October 2015 update–Public stuff *all day* up in this joint

It’s been a month of all public things, all of the time. This is what happens when I put my head down and just keep doing what’s put in front of me to do.

Started the month with a Patheos post that unexpectedly went viral. Who knew that an article about the pros and cons of dedicating to a deity would be so popular? I honestly don’t think I said much that was completely new or novel. (Would that it were also one of my better written ones. C’est la vie.)

I followed this with my first public Heathen ritual in the area, Winternights. Winternights went well, even though the boyfriend was only able to attend the last round of the sumbel. It was a great small crowd with plenty of food and a lot of people trying out a heathen ritual for the first time.

Then I did my second Patheos column of the month, on ancestor veneration. (Which as not nearly as popular. Maybe people are just ancestor-ed out by now; I totally understand.)

Then I finally fixed the settings on my email from The Troth and was able to do an intro post there, and got some great suggestions and connections for my area. Heathens! Near me! Woot!

And I found out that not only did my Facets of Freya panel get accepted for PCon 2016, I’m also going to be in another Vanic-based ritual run by EmberVoices. And Jason, editor of the Pagan column at Patheos, wants me to be part of a Patheos authors panel at Convocation 2016 (which I’ve never even attended).

And then Sunday night I got an email from the organizer of our CUUPs group that a local reporter wanted to interview some of us for an article for the local paper. One thing led to another, and somehow I (or my altar stuff) ended up being in all of the pics. Good-sized article. For my hometown newspaper. Where many of my very Lutheran relatives live.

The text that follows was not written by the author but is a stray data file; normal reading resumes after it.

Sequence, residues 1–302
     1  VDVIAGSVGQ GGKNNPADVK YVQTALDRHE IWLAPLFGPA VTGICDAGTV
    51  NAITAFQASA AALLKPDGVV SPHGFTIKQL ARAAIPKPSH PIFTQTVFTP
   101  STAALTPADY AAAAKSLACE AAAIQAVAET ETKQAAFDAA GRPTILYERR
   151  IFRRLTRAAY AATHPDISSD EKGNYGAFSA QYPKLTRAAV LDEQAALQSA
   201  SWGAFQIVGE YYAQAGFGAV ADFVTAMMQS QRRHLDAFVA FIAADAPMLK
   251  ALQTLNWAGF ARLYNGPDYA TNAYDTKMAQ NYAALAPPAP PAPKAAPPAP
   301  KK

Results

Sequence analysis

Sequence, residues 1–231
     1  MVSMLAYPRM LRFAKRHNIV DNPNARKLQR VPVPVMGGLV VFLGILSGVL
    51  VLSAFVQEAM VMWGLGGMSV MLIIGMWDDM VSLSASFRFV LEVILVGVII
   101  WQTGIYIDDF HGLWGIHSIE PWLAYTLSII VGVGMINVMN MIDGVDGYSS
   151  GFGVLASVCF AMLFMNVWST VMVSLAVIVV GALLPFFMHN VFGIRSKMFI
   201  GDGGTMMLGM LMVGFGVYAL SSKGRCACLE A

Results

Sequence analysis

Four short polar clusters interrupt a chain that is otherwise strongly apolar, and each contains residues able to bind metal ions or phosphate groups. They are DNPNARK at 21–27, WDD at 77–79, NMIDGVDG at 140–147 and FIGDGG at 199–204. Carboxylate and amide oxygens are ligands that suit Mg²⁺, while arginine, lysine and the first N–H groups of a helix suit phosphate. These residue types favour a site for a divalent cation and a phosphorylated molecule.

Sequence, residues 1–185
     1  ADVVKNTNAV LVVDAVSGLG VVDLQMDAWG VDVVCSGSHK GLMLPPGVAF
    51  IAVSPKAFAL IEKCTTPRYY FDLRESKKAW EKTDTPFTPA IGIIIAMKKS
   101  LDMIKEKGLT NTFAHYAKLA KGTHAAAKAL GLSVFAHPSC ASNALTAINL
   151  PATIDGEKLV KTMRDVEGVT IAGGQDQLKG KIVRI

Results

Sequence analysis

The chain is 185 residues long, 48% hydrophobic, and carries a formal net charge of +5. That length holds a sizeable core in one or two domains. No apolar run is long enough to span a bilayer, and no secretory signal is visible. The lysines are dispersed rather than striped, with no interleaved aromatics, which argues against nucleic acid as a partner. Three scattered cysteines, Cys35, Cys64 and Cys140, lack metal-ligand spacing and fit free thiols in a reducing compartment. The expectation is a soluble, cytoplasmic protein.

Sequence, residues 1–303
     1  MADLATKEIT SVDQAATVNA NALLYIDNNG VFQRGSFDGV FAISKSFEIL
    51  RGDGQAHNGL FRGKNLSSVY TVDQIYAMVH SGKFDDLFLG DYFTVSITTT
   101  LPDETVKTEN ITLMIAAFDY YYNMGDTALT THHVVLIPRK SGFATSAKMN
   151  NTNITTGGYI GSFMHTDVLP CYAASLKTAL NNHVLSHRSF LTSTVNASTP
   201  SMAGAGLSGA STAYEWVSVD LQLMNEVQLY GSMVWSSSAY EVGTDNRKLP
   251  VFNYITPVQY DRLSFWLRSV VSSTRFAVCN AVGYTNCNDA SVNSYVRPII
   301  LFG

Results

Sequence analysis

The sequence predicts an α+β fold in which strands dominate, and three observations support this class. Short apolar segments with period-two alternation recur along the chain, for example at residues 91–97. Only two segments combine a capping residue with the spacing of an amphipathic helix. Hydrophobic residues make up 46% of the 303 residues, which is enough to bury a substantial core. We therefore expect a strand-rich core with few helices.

I hadn’t realized when this all started that newspapers need to use my given name and not my pagan name.

So now I’m outed to anyone who actually reads our local newspaper (which, considering the age of my relatives in town, will be all of my relatives.) So while part of me is like, woot! I’m in the paper!, the other part of me is like, Well, no more broom closet for you….  At least my very Christian grandfather is dead. I can deal with “religious disappointment face” from anyone but him. 😦 At this point he is a beloved ancestor and I don’t think he cares much one way or the other what I get up to, religion-wise, as long as I remember him. Funny how things work out. When I left home to go to college 20 years ago, I never dreamed I be back here now, staying with my parents, and appearing face-first in an article on local pagans. It boggles the mind.

I’ve been handed so many opportunities since I moved–as if given to me on a silver platter. So much less stressful than if I had tried to orchestrate it all.

A year and a half ago I couldn’t imagine actually blogging for a real blog. Or starting my own Heathen group. Or leading Heathen events solo. Or organizing a ritual for PCon. Or being willing to be interviewed by the media for anything pagan that also included my given name. Or moving back home and dating a Hellboy. 😉 (I couldn’t imagine moving back to my hometown, period.) But here I am.